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You Belong to Me: Death of Nations Part V

International WOW's latest show is a fascinating and surreally beautiful exploration of war and its social context. logo
Irene Christ (center) and company
in You Belong to Me: Death of Nations Part V
(© International WOW)
At once abstract and visceral, You Belong to Me: Death of Nations Part V is a fascinating and surreally beautiful exploration of war and its social context, with a particular focus on violence, eroticism, and fantasy. The title also signifies the show's obsession with ownership -- of both property and people.

Presented by International WOW, the work is conceived and directed by the company's founder and artistic director Josh Fox, and created and performed by the actors. It's not necessary to have seen the preceding four parts of this series to enjoy this latest installment. In fact, even the three acts that make up this two-and-a-half hour performance are thematically linked, but tell separate stories.

Fox and company present a collage of striking images, fractured narrative, and sung sequences that make for a bold, original, and utterly compelling theatrical experience. The work begins with two company members -- Beth Griffith and Elizabeth Knauer -- vocalizing a series of loud, high-pitched notes that seem to create a wall of sound that reverberates through the entire theater.

As they sing, other actors enter, setting the stage for the first act, entitled "Belongings," which takes place in the American South at the end of the Civil War. A southern belle (Carrie Getman), her one-legged husband back from the war (Rory Sheridan), a man who gets hanged (Harold Kennedy German), a black female slave (Okwui Okpokwasili), and two other white men (Beau Allulli and Robert Saietta) who sexually dominate her, are the main characters.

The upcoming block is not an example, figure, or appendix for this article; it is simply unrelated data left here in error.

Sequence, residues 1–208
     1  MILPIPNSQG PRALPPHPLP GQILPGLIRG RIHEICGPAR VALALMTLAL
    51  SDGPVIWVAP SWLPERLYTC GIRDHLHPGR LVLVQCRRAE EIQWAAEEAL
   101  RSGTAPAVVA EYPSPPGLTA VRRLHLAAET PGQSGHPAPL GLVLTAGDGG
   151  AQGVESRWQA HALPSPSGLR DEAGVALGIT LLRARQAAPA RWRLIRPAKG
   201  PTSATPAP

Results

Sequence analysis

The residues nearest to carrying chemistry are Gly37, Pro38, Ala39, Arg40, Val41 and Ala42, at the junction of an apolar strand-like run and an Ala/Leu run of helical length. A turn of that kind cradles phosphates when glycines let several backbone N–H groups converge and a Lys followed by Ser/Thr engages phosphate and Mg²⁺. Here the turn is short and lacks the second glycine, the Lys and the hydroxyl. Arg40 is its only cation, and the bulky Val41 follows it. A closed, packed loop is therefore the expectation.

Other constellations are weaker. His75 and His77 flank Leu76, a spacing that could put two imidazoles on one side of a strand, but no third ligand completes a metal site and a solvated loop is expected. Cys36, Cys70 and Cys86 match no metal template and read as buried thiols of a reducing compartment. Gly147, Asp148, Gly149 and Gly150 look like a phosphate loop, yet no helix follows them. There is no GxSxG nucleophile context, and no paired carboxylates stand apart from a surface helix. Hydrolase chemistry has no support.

Fox often has his actors looking directly at the audience, even when speaking to one another, which is effective, yet somewhat disconcerting. Additionally, at certain moments, performers separate from their characters, speaking about them in the third person. Some of the text borders on the melodramatic (and maybe even crosses over), but the actors are all so committed to the material that it never comes across as overwrought.

Set in Germany in 1945, the second act, "Heimwehen," is performed almost entirely in German, with English surtitles. My personal favorite of the evening, it is a darkly comic tale revolving around a German woman (Irene Christ) and her maid (Angelika Sautter). The action picks up shortly after the woman assisted the suicides (or perhaps murdered) her husband, her brother, and her lover, all of whom were Nazis. As she contemplates her own suicide, dramatically wielding an axe, she and the maid also anticipate the imminent arrival of American forces who they think may want to rape them. Complete with a high energy dance number involving the American G.I.'s, a couple of Holocaust survivors, and two valkyries, this absurdist piece is grounded by the riveting performance of Christ, who successfully conveys both the comic and tragic elements of the story.

The final segment of the play takes place in contemporary Germany, at the Landstuhl Regional Medical Center, a U.S. military hospital where injured American soldiers deployed in Afghanistan and Iraq are sent for treatment. Subtitled "The Plague of Fantasies," this section may also exist primarily in the fevered imagination of its protagonist, a veteran named Harold (German). Other patients are seen as polar bears, tigers, and sharks (set and costume design are by Petra Maria Wirth), all of whom are wheelchair-bound.

Harold, who does not want to return to America, has a conversation with a nameless woman (Getman), identified only as someone he left behind stateside. She delivers the most impassionate and directly political speech in the entire play. Speaking into a microphone, while underneath a burka that Harold has given to her, she rails against involving the entire world in personal fantasies of sex and power. The monologue brings together the way You Belong to Me disturbingly contemplates the intersections of death, desire, violence, and rape.

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